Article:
The saga of Glenn Neasham has elicited passionate responses on both sides of the aisle. A word that gets thrown around when discussing his sale of the MasterDex 10 Annuity from Allianz (MasterDex) to a then 83-year-old, dementia-stricken Fran Schuber is “fair”. You are either of the belief that what Neasham did to Schuber was unfair or what prosecutors did to Neasham (convicting him of criminal theft of the elderly) is. What certainly is not fair to either Neasham or Schuber is that people both inside and outside the industry are discussing, lobbying and decision-making “without knowing a hell of a lot about what is going on,” as annuity expert Jack Marrion said.
The MasterDex Annuity from Allianz was cleared and sanctioned by the California Insurance Department to be sold to someone up to age 85. In Allianz’s own parlance, it is “designed for someone who is interested in accumulating funds on a tax-deferred basis for a period of five or more years and then taking the money out in periodic payments for ten or more years up to their lifetime. The MasterDex is also used by consumers who do not intend to ever access the money themselves, but whose objective is to accumulate funds to be transferred to beneficiaries.”
The Nuts and Bolts
The MasterDex first issued in May of 2004, and works like most any equity-indexed, fixed annuity product. A contract is drawn up between the owner and, in this case Allianz, and premiums begin to be paid to the insurance company. With the MasterDex, upon purchase you receive a 10% bonus on premium received for the first five years (hence the 10 in its title) and the annuitant can then receive indexed interest based on changes in either the S&P 500 or the NASDAQ 100. The product prides itself on facilitating the accumulation of funds, and when the market moves up, the value of your MasterDex increases. Annuitants are able to “get full 100% participation in potential monthly gains” subject to an established monthly cap.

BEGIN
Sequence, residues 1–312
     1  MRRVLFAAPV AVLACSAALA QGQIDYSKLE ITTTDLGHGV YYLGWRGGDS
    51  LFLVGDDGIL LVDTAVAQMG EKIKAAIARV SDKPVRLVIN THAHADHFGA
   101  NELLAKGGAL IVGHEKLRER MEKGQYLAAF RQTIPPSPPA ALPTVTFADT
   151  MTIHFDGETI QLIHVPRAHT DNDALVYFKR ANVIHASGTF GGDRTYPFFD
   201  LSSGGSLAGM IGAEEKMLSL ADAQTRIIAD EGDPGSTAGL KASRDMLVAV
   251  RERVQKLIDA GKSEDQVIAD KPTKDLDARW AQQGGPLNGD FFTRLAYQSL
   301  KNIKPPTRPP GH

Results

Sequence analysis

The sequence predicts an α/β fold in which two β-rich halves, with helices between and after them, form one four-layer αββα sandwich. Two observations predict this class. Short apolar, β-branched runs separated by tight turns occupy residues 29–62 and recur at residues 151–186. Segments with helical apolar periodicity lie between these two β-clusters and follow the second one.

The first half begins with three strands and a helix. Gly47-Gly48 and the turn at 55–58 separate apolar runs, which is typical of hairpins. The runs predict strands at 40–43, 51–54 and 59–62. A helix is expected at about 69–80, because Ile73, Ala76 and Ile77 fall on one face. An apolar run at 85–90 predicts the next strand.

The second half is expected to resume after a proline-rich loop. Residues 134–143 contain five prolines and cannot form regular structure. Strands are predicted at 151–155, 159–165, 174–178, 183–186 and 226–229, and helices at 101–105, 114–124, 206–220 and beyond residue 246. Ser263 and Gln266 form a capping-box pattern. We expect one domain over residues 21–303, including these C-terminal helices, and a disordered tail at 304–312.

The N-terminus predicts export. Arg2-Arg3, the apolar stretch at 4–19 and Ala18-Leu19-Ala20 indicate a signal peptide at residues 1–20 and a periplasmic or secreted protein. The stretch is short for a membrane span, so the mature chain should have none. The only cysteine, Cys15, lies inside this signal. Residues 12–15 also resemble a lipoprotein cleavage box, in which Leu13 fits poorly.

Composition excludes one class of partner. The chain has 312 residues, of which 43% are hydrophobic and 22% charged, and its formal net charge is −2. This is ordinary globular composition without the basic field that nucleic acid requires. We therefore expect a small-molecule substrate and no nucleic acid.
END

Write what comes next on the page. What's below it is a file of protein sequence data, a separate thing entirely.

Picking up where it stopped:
Being able to access their money if a tragedy strikes is a feature that customers look for and the MasterDex allows customers after 12 months to withdraw 10% of their total premiums without a surrender charge or market value adjustment. Owners are able to do so until they withdraw 50% of their total premiums. So, if Fran needed the money to pay for a stay in a long-term care facility or in a hospital, she would have been able to access it.